The Enterprising Women of Color District, Maryland, Virginia (DMV) Business Center (Center) fosters and supports a small business ecosystem for women of color in the National Capital Region. The Center’s robust business services—including financial capital, business advisory services, and networking support—are dedicated to supporting the growth and resiliency of our clients. This Center is powered by the Washington Area Community Investment Fund (Wacif), which has served women entrepreneurs of color since 1987, and is made possible through a partnership with the Minority Business Development Agency (MBDA). Reach out to get started on your entrepreneurial journey.
Established in 1987, the Washington Area Community Investment Fund’s (Wacif's) mission is to increase equity and economic opportunity in underserved communities in the Washington, D.C. area by investing knowledge, social, and financial capital in low-and-moderate-income entrepreneurs. In 2020, Wacif was one of five organizations nationwide to receive a competitive, national grant by the MDBA to launch the Center and join their national Enterprising Women of Color Initiative focused on assisting women entrepreneurs of color to build their businesses, secure contracts and capital, and increase partnership opportunities. Wacif’s partnership with the MBDA represents a shared commitment to support enterprising women of color.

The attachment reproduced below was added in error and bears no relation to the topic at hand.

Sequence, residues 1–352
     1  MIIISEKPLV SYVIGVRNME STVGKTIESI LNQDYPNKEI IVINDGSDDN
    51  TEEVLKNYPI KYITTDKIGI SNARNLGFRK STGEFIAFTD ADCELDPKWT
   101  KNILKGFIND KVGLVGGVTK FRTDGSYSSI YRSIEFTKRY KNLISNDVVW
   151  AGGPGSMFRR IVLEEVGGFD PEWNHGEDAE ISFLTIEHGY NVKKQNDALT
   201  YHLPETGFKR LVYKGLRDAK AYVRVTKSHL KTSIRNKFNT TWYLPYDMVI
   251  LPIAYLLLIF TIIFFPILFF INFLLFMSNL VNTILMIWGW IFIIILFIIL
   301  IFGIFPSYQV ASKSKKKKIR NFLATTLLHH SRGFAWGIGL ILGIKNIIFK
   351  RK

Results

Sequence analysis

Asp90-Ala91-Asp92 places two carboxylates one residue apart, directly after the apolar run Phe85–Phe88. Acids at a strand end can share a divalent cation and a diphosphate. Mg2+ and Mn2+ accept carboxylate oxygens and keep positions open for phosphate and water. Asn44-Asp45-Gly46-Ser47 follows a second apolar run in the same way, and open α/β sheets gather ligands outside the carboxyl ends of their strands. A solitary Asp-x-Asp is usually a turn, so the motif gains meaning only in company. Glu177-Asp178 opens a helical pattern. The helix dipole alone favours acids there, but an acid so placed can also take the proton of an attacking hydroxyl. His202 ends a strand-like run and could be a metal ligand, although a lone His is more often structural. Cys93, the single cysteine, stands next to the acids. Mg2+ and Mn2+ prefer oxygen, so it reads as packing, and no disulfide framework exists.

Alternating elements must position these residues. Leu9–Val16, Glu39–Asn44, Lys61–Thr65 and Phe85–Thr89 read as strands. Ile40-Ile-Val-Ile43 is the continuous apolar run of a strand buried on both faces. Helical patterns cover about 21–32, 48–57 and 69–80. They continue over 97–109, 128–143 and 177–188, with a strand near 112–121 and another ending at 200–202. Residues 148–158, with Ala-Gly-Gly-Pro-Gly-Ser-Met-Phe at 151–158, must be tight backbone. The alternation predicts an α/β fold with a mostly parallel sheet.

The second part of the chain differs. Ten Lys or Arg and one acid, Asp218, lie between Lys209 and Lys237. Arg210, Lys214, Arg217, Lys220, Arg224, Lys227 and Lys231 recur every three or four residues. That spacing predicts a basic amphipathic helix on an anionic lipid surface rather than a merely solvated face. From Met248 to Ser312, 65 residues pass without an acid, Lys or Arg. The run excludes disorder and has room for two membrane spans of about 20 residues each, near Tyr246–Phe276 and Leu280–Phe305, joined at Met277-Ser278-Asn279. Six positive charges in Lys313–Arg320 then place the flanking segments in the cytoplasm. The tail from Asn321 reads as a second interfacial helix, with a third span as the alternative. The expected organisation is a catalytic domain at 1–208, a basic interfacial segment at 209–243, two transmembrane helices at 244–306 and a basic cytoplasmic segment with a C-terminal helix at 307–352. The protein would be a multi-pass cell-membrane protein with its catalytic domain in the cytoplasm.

About The Team
0%Of venture funding is raised by Black women-led startups
0%Of business establishments in the DMV area with five or more employees are owned by women
$0 BillionWould be added to the U.S. economy if the average revenue generated from minority women-owned firms matched that of white women-owned businesses.
The Need and The Opportunity
The DMV region is an important center for women entrepreneurs. According to Prosperity Now, the District of Columbia is one of the nation’s top regions for women entrepreneurship, and the American Express State of Women-Owned Business 2019 Report found that enterprising women in the DMV Area rank in the top 10 metropolitan areas nationwide for job creation.
Despite being a driving force in the region's economy, minority women-owned businesses face deep systemic inequities disproportionately affecting access to capital and other vital services. According to the US Department of Commerce, when compared to white-owned firms, minority firms are less likely to receive loans, and when loans are approved, loan amounts are lower and interest rates are higher. Given these barriers, it is perhaps unsurprising that the report also identified minority firms as less likely to apply for loans compared to white-owned businesses.
While the DMV is one of the most diverse metropolitan areas in the country, the inequity remains stark. Male-owned businesses are valued 3x higher than women-owned businesses, and white-owned businesses are valued at least 3x higher than businesses owned by people of color. We believe that together, we can change this narrative, and support women of color as they continue to embark and thrive as entrepreneurs.
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